Many people think that child support is a straightforward calculation. However, there is a lot argument to be had in choosing the numbers to use in the calculation.
To calculate child support, you are going to need figures for the following:
o Both parties' incomes
o Spousal maintenance (if applicable)
o Support of other children
o Insurance costs just for the child/ren
o Childcare costs
o Extra education expenses
o Extraordinary child expenses
o Number of parenting time days
The first factor considered in the child support calculation is each party's income. Generally, the court will attribute at least minimum wage, even if a party is not working. If a party is not working, the court can attribute that person's earning ability. So, if you are capable of earning $60,000 a year, the court can attribute that amount even if you are not working. The court can choose to include overtime pay in your income and may do so depending on how regularly you earn overtime pay.
Determining Parenting Time Days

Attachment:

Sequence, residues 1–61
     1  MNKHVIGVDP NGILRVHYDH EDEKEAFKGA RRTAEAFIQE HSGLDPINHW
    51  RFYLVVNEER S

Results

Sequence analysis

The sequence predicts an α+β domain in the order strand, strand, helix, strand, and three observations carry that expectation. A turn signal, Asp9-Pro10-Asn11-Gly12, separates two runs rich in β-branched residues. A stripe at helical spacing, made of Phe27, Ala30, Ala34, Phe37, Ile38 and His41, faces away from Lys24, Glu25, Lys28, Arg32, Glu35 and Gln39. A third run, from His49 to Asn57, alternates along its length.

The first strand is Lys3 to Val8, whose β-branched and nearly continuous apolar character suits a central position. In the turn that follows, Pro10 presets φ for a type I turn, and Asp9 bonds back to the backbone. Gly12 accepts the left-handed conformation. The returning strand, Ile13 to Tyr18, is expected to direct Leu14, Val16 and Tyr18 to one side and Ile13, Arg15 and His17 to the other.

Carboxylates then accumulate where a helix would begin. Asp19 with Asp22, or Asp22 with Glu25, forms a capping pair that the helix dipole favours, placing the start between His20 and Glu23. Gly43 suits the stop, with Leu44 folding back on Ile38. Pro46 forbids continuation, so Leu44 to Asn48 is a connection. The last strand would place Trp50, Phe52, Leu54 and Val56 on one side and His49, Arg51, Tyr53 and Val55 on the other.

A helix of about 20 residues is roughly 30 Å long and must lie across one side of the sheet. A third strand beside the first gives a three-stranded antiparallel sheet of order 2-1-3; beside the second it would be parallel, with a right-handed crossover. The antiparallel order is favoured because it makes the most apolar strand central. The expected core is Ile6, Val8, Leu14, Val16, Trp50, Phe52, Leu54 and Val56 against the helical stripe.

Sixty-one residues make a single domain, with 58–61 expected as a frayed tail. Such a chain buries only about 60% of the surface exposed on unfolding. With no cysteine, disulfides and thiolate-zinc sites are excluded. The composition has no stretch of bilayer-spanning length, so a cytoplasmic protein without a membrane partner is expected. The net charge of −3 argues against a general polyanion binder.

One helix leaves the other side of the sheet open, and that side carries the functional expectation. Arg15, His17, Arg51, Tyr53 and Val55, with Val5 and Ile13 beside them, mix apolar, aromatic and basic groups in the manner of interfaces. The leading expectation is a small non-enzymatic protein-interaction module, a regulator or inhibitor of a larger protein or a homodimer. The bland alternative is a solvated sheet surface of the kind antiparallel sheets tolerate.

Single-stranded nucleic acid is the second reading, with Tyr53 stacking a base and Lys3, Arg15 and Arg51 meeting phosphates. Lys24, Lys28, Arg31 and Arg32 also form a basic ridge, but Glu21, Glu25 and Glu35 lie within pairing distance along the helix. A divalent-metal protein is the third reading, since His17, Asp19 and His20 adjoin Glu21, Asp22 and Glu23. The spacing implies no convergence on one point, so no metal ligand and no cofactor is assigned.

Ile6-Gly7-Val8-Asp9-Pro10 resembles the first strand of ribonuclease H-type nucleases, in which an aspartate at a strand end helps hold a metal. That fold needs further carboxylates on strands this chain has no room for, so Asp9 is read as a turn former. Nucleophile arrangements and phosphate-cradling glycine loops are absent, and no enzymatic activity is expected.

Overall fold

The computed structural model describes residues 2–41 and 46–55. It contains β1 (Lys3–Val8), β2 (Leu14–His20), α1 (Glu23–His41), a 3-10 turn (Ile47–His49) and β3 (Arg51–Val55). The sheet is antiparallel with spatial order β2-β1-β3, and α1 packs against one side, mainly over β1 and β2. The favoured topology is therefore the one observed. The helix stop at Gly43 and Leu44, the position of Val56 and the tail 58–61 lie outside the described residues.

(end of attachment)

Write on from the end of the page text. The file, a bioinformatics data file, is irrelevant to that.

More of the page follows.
The number of parenting time days really affects the child support obligation. The court gives a credit to the non-residential parent for the time he or she spends with the child. The court reasons that during this time the non-residential parent is incurring the costs of caring for the child. The Child Support Guidelines clearly outline how to calculate parenting time days:
o 12 hours or more counts as 1 day
o 6 to 11 hours counts as 1/2 day
o 3 to 5 hours counts as 1/4 day
o Less than three may count as a 1/4 day if a routine expense, like a meal, was incurred
Extra Education or Extraordinary Expenses
The court can account for extra education or extraordinary expenses in the child support calculation. Extra education expenses include "any reasonable and necessary expenses for attending private or special schools or necessary expenses to meet particulate education needs of a child." A.R.S. 25-320(9)(B)(2). It is important to note that these expenses must be agreed upon by both parties. Extraordinary expenses are those expenses needed to care for a gifted or handicapped child.
What's Your Next Step
If you are interested in learning more about Arizona's Child Support Guidelines or if you have other questions or concerns about a family law matter, please contact The Law Office of Keith A. Singer or call 520.795.1800.
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